We have several great ideas as to what and how we will work with those of the interpreters who do not receive good ratings. In general, we allow our customers to choose interpreters based on their profile information, including, in the future, their rating.
Building the bridge and bringing back the traditional relationship between those two communities are our primary goal. We have been working with many members of the communities on how this should be dealt with, as we want to make sure any filter functionality we implement is perfect.
I think it's great that you empower the deaf community in selecting interpreters but how does that empower the interpreter?
In a nutshell, Linguabee empowers interpreters to take jobs and make business decisions appropriate to their skill level, experience, and knowledge of the topic.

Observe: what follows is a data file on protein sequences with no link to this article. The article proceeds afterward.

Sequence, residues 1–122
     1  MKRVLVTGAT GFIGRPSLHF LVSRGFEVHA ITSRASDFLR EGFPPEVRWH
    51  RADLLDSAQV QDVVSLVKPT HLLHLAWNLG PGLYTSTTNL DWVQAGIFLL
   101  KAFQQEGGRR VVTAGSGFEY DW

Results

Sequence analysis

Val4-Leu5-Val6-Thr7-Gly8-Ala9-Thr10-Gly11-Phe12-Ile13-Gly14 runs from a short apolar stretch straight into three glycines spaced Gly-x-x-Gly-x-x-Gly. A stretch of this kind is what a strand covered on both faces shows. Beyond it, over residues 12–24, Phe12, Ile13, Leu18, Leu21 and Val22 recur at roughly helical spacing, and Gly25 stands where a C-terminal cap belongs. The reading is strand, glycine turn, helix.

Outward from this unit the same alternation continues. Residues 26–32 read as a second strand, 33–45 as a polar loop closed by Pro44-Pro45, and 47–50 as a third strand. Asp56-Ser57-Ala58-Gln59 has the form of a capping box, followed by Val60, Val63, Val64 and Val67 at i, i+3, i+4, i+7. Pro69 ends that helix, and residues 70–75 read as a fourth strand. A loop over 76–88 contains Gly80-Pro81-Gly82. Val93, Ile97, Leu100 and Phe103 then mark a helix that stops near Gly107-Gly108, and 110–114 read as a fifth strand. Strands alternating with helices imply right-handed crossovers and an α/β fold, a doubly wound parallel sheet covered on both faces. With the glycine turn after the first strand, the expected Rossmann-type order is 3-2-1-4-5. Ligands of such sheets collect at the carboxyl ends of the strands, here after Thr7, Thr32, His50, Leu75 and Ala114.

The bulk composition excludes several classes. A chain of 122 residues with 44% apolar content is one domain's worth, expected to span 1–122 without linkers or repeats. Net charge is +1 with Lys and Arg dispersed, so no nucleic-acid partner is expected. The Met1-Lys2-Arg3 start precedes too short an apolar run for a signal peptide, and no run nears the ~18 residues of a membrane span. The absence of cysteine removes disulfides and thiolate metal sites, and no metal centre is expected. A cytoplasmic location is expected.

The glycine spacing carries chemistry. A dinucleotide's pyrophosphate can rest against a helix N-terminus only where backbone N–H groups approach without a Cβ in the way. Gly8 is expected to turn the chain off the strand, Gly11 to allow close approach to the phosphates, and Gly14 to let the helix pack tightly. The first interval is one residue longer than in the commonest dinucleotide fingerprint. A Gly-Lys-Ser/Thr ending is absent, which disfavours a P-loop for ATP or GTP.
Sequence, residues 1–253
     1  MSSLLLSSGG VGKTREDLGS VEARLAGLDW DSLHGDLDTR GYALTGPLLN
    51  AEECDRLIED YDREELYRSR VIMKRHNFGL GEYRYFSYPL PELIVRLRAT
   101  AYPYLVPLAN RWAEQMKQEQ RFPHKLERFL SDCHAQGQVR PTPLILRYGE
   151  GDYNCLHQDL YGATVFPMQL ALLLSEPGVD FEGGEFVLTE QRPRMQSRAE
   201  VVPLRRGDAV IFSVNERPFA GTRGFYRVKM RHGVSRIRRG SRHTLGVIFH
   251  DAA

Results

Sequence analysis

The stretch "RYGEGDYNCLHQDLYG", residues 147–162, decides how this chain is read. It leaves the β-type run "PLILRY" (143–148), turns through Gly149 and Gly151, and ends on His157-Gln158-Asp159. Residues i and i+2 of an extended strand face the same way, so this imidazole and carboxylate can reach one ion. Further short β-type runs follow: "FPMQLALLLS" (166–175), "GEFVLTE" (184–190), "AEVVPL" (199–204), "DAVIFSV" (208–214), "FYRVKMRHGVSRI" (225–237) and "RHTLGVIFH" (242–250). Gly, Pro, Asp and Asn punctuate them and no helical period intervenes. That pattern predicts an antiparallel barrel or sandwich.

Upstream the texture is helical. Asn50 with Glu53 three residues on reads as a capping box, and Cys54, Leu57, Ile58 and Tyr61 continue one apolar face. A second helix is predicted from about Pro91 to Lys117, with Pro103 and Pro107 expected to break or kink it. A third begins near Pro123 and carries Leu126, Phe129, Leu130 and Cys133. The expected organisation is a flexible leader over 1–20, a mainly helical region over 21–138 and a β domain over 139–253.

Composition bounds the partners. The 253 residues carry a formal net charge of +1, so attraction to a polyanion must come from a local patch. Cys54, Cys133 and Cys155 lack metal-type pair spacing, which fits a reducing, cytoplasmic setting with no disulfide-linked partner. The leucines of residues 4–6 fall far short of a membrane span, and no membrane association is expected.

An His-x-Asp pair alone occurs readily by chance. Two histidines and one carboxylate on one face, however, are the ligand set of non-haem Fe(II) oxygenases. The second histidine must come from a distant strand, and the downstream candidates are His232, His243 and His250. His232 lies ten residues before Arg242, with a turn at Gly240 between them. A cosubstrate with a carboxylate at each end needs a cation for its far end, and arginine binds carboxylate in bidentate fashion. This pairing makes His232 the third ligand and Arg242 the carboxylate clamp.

Linguabee's model allows interpreters to carefully choose assignments that they are qualified for. When a request is made by a customer, it’s broadcasted to all local interpreters. They can review the request and send the requestor a private message to inquire further to determine if it’s a good fit for them before making a bid. Interpreters can also decline any and all assignments, letting the requestor know that they cannot for whatever reason -- from not being a good fit or some other personal conflict.
In contrast, in the traditional agency model interpreter coordinators make all the decisions. This prevents interpreters from making full choices and best determine whether they are a good fit for the assignment.
Another area where Linguabee empowers interpreters is their rates. As opposed to the flat rate structures you see with agencies, interpreters can vary their rates based on what is required of an assignment. They even can give discounts (for example, for non-profits).
For those that are new in the area, how do they get a better understanding of who the interpreters are with zero access to reviews if there are none?